Online malls a retail maze for foreign buyers
The remarks were directed at the complex payment system required for Internet purchases, which prompted legislators to approve a streamlined alternative. Faced with a growing number of Koreans buying through overseas retailers, the president continues to champion the importance of attracting foreign shoppers to local e-commerce sites.
An ever-increasing number of Koreans are shopping at foreign sites. But the hurdles foreigners must deal with when buying from Korean sites has resulted in rapidly widening the retail imbalance.
Major retailers including Interpark and Hyundai Hmall have jumped into global e-commerce by setting up their own versions of online malls in multiple languages. However, visits to the new sites and interviews with users reveal that many of the sites are poorly developed, with mediocre translations and complex and limited payment options.
The global pages of Interpark and Hyundai Hmall list all of their descriptions in Korean, as well as some color and size options. The English version of Interpark has refund and exchange information for some products, but it’s also written in Korean.
A 44-year-old identified as Timothy lives with his Korean wife in the U.S. state of Delaware. He tried to order food and red pepper paste on one of the Korean sites, but he eventually gave up.
“My wife and I were really looking forward to using those sites, because we often buy Korean food,” he said in a phone interview. “But the English-version shopping malls were really disappointing. The products were explained in Korean and the stated shipping date was too long.”
Hyundai Hmall, for example, says international shipping takes three to 10 days and maybe longer, and no refunds or exchanges are allowed. Timothy added that the red pepper paste he was seeking was not available on the foreign e-commerce sites, including Interpark’s, though it is sold on the local website.
A representative of Interpark said the company is working to expand the number of items it offers. “Since we opened the site just this year, there is still room for improvement,” said the representative, who asked to remain anonymous.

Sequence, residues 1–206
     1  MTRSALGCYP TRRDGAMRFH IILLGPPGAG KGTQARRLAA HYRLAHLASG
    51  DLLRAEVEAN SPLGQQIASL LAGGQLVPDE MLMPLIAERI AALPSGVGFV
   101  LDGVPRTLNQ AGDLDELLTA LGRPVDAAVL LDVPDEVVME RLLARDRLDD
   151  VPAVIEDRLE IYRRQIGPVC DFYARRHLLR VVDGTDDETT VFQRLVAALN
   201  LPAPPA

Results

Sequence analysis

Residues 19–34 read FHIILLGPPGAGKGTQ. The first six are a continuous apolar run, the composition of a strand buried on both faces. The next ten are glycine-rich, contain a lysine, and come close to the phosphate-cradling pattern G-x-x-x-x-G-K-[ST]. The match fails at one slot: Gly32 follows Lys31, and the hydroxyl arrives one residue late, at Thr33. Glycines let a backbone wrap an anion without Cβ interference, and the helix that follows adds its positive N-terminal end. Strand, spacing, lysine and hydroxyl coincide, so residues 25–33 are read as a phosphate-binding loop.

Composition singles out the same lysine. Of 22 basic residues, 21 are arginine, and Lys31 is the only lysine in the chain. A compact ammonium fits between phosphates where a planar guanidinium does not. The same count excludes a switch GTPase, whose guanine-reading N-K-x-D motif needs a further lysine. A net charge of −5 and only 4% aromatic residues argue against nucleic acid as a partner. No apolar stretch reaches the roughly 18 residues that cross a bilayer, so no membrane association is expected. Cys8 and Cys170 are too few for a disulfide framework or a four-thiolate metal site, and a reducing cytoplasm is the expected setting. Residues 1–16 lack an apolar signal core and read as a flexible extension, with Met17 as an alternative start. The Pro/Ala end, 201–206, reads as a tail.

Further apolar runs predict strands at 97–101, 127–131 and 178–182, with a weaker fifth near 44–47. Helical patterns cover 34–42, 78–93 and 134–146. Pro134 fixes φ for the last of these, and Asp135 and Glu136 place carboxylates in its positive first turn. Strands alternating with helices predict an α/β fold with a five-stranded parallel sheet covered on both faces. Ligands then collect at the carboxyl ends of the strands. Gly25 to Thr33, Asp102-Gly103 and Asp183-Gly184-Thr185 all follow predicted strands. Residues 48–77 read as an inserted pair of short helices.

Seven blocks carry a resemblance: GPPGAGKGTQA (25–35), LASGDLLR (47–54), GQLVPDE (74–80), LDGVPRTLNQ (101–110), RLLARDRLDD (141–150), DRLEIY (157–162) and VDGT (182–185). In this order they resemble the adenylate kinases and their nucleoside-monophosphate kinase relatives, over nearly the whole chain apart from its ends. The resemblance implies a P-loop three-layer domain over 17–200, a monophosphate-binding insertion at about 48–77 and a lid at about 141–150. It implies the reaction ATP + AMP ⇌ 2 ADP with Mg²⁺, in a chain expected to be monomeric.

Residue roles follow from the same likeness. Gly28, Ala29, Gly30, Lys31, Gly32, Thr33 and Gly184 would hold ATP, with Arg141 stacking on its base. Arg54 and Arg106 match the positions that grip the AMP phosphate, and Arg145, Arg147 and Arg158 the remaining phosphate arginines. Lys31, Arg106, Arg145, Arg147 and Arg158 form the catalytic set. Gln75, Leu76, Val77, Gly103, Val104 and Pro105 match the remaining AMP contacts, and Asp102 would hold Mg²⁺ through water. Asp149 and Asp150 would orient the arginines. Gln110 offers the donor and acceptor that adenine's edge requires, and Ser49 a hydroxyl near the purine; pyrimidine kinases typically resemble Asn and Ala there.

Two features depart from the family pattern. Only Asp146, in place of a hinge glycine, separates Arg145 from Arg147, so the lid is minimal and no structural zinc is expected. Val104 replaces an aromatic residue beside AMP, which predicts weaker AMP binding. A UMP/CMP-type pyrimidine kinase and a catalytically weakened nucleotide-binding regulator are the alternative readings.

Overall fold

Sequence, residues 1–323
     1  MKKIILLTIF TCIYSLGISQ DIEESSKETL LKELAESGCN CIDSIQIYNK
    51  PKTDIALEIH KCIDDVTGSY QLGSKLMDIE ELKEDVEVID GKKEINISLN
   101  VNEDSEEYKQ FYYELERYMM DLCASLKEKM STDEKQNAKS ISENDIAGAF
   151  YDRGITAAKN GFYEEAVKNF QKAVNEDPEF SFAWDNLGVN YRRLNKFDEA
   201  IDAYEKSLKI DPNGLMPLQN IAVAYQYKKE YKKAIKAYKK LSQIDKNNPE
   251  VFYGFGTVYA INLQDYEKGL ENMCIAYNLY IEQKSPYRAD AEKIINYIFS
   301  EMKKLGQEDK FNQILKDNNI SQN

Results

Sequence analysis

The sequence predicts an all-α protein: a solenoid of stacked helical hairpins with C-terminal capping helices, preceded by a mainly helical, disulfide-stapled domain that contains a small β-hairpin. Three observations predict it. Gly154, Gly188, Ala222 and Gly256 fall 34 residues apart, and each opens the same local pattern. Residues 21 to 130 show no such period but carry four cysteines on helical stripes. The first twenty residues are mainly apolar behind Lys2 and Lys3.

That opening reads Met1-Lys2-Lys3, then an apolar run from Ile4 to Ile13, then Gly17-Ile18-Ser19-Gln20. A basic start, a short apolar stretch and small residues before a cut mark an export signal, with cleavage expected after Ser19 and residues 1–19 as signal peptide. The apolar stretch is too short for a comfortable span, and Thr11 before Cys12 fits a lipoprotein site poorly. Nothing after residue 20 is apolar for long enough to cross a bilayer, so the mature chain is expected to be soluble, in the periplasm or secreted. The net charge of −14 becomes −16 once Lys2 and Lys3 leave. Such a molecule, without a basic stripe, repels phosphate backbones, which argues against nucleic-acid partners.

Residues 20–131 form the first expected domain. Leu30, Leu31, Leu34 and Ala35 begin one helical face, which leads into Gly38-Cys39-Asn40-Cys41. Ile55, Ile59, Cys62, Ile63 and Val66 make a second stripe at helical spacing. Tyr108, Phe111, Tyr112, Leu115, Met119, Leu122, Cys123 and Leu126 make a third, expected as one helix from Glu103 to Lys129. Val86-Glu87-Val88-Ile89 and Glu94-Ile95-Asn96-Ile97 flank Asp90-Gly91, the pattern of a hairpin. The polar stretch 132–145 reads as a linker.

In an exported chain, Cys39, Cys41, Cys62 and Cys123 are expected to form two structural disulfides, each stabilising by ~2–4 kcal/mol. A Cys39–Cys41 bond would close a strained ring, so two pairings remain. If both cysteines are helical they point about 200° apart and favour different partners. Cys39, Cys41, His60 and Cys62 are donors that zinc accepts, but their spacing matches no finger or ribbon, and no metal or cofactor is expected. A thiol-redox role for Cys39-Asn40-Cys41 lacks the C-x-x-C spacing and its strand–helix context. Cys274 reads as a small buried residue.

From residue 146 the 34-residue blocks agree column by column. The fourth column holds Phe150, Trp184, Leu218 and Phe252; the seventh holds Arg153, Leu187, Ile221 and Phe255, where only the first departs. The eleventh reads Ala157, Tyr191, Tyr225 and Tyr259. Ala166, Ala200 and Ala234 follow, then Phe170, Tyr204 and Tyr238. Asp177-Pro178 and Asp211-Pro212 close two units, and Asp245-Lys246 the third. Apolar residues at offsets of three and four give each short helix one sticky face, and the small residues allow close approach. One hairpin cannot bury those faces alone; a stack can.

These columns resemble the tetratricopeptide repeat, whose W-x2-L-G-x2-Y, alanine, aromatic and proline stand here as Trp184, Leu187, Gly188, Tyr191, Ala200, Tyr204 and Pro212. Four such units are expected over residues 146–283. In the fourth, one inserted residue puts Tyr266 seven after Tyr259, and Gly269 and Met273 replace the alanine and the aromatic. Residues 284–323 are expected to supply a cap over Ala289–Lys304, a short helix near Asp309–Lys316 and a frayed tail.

But while Korean operators scramble to make their websites better, global e-commerce giants such as Amazon draw international shoppers with shrewd marketing techniques and speedy shipping.
The total amount spent on overseas shopping last year surpassed 1 trillion won ($909 billion) for the first time. In the first half of this year alone, Koreans spent 753.8 billion won at overseas online malls, a 48.5 percent increase over the same period last year. The Korea Customs Service estimated total spending could surpass 2 trillion won this year. Only about 500 billion won was spent just four years ago. Credit card purchases via websites and physical stores abroad increased 15 percent in 2013, according to the Bank of Korea.
In October, the Korea Chamber of Commerce and Industry (KCCI) issued a report encouraging local merchants to target online shoppers overseas. The report shed light on the e-commerce boom around the world, particularly in China and Southeast Asia.
The total amount of direct purchases made from foreign websites in China was worth $35.2 billion, about 35 times more than in Korea in 2013. The KCCI estimated that the value would increase fourfold to $120 billion in 2018.
Given the explosive growth, KPMG, an international audit company, predicts the e-commerce market in China could be bigger than France, Germany, Japan, the United Kingdom and the United States combined by 2020. Thanks to the Chinese people’s engagement with online malls, the Asia-Pacific region is set to overtake North America as the world’s largest regional e-commerce market, reaching more than $525.2 billion this year.
Korean retailers are planning to target the world’s second-largest economy: China. Yet the service at some online malls is far from satisfying for Chinese shoppers.
OKDGG is a Seoul-based open market site that features women’s clothes from Korean online malls and brands. Its Facebook page, however, is filled with complaints from disgruntled Chinese consumers, mostly concerning late deliveries with no notification and no responses to emails or calls.